Obstructive Sleep Apnea occurs when the upper airway is blocked and significant airflow disruption occurs, complete blockage of airflow may result as well. Sleep apnea makes it difficult to sleep and people suffer from micro-arousals that prevent deep sleep.

Need to know more about lack of sleep from Montgomery Dental Care?

More than 160 million people reported feeling drowsy while driving, according to the National Sleep Foundation's 2005 Sleep in America poll.

Not getting enough sleep isn't just important for your health but for the well-fare of others. Don't drive your children to school if you're tired. If you fall asleep behind the wheel, you'll end up endangering yourself and others.

There are many diseases that are linked to a lack of sleep, so make sure you ask your Cincinnati doctor about how he can help you cope with or treat certain illnesses to improve the quality of your sleep.

What are a few examples of conditions that affect sleep?

  • Diabetes
  • Heart disease
  • Obesity
  • Depression

Do you need to consult a doctor?

If you have any questions or concerns regarding your health and would like to know if you are suffering from sleep apnea, contact your Cincinnati, OH, dentist Dr. Janette Williams of Montgomery Dental Care at (513) 793-5703.


Kids get pretty inventive pulling a loose primary (baby) tooth. After all, there's a profit motive involved (aka the Tooth Fairy). But a young Kansas City Chiefs fan may have topped his peers with his method, revealed in a recent Twitter video that went viral.

Inspired by all-star KC quarterback Patrick Mahomes (and sporting his #15 jersey), 7-year-old Jensen Palmer tied his loose tooth to a football with a line of string. Then, announcing “This is how an MVP gets their tooth out,” the next-gen QB sent the ball flying, with the tooth tailing close behind.

It appears young Palmer was no worse for wear with his tooth removal technique. But if you're thinking there might be a less risky, and less dramatic, way to remove a loose tooth, you're right. The first thing you should know, though: Primary teeth come out when they're good and ready, and that's important. Primary teeth play an important role in a child's current dental and speech function and their future dental development. For the latter, they serve as placeholders for permanent teeth developing within the gums. If one is lost prematurely, the corresponding permanent tooth might erupt out of position and cause bite problems.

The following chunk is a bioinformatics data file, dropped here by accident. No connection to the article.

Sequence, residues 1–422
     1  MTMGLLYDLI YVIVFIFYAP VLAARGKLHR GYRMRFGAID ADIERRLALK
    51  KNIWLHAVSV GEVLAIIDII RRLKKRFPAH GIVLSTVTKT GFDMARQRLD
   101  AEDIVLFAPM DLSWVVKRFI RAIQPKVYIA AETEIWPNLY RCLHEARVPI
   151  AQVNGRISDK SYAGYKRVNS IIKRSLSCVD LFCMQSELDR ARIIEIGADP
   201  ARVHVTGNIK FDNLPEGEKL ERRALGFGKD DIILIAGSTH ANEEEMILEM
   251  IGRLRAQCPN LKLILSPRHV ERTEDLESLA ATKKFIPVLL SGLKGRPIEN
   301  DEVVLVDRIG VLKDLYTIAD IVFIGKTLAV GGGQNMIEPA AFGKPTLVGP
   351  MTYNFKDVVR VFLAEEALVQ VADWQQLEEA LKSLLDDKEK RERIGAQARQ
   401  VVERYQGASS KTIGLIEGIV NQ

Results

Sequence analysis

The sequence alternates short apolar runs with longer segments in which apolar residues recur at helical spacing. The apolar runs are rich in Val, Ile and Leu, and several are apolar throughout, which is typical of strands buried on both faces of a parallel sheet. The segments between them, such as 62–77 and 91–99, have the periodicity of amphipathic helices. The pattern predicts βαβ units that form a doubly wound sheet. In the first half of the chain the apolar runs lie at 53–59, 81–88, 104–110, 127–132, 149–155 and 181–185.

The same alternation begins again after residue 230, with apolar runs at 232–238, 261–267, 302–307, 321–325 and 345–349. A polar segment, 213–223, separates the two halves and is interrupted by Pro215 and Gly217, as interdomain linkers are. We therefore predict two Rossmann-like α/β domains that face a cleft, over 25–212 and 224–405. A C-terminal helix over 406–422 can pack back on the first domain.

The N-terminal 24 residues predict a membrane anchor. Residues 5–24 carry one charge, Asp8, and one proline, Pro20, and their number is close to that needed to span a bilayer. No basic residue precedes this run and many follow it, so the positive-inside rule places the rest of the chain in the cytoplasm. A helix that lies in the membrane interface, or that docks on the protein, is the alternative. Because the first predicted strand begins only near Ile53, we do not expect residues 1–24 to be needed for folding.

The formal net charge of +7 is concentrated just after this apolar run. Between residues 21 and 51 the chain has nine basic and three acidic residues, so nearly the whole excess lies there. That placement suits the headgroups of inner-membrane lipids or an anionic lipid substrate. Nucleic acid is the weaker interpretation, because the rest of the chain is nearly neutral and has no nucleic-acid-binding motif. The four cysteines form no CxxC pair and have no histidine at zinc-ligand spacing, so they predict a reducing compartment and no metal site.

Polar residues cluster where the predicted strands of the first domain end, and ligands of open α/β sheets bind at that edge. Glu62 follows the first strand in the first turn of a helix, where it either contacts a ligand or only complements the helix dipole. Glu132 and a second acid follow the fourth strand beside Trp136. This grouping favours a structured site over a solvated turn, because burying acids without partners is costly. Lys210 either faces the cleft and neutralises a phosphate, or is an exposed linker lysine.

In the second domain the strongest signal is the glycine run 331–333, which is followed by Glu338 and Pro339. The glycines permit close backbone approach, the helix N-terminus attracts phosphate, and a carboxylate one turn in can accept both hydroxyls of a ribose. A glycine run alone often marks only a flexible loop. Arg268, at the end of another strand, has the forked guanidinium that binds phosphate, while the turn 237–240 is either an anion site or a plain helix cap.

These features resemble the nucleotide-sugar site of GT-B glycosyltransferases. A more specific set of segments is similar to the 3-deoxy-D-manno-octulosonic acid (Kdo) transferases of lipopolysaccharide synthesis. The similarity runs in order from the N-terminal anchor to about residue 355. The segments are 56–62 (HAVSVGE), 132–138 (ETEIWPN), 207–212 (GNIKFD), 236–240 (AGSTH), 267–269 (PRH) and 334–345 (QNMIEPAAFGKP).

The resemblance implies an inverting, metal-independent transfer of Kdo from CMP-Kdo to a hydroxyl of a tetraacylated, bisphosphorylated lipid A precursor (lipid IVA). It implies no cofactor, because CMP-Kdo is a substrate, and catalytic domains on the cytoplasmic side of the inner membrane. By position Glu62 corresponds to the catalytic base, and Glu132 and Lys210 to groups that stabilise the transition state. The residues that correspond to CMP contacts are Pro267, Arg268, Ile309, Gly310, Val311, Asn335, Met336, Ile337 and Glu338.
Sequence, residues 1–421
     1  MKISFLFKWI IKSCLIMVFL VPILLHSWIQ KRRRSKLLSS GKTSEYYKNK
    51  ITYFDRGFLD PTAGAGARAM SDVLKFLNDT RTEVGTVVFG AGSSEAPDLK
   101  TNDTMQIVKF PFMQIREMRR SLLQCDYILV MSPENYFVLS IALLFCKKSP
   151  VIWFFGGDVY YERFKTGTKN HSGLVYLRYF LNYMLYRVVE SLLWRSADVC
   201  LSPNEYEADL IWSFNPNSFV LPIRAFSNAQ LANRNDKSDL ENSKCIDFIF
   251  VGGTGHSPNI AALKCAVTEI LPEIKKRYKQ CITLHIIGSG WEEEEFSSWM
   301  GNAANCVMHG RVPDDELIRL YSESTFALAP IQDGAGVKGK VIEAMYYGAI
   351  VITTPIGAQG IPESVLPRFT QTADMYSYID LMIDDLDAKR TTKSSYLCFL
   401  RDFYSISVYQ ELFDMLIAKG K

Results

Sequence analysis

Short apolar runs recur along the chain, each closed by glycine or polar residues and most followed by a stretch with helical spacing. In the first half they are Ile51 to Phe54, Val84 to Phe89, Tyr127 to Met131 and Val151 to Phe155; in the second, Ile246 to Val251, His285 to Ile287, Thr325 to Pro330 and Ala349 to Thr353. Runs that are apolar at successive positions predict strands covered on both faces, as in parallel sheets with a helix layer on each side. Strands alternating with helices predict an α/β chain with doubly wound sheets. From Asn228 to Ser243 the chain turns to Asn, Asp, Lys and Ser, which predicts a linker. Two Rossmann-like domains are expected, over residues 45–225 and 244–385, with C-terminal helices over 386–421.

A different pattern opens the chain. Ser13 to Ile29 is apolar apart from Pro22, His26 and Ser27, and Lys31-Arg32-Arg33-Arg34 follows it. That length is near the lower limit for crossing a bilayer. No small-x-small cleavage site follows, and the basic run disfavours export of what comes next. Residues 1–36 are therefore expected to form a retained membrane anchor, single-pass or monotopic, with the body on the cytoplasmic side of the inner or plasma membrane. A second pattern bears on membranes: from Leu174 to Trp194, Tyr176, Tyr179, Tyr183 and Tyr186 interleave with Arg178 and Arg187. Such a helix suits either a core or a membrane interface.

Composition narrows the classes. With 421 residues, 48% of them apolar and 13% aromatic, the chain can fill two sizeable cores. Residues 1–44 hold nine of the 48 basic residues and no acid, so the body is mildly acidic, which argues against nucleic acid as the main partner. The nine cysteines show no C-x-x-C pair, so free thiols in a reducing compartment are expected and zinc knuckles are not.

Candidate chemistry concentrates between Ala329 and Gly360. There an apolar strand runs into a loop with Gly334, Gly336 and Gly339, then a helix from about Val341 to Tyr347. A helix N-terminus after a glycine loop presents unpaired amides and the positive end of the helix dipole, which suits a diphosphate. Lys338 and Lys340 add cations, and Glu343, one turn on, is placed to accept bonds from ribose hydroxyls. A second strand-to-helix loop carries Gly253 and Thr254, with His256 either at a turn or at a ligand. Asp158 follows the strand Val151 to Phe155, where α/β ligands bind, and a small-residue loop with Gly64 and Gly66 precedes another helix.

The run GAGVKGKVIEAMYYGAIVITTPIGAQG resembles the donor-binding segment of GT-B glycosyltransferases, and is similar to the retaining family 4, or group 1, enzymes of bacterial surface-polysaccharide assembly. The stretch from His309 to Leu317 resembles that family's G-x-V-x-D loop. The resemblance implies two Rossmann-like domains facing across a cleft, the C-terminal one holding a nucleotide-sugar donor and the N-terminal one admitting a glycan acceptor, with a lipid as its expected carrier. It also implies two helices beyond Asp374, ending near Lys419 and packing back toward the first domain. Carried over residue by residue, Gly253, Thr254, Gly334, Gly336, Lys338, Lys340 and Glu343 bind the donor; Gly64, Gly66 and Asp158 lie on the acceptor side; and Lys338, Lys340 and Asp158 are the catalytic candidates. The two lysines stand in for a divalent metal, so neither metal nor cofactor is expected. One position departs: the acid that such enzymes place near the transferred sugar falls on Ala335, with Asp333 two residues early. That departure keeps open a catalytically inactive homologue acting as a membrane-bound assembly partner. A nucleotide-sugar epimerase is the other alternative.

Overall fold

In normal development, though, a primary tooth coming out coincides closely with the linked permanent tooth coming in. When it's time, the primary tooth lets you know by becoming quite loose in the socket.

If you think one of your children's primary teeth is ready, clean your hands first with soap and water. Then using a clean tissue, you should be able to easily wiggle the tooth with little tension. Grasp the tooth with the tissue and give it a little horizontal twist to pop it out. If that doesn't work, wait a day or two before trying again. If it does come out, be sure you have some clean gauze handy in case of bleeding from the empty socket.

Normally, nature takes its course from this point. But be on the lookout for abnormal signs like fragments of the tooth left behind in the socket (not to be mistaken for the top of the permanent tooth coming in). You should also look for redness, swelling or complaints of pain the following day—signs of possible infection. If you see anything like this, make a prompt appointment so we can take a look. Losing a primary tooth is a signpost pointing the way from childhood to adulthood (not to mention a windfall for kids under their pillows). You can help make it a smooth transition—no forward pass required.

If you would like more information about caring for primary teeth, please contact us or schedule a consultation. To learn more, read the Dear Doctor magazine articles “Importance of Baby Teeth” and “Losing a Baby Tooth.”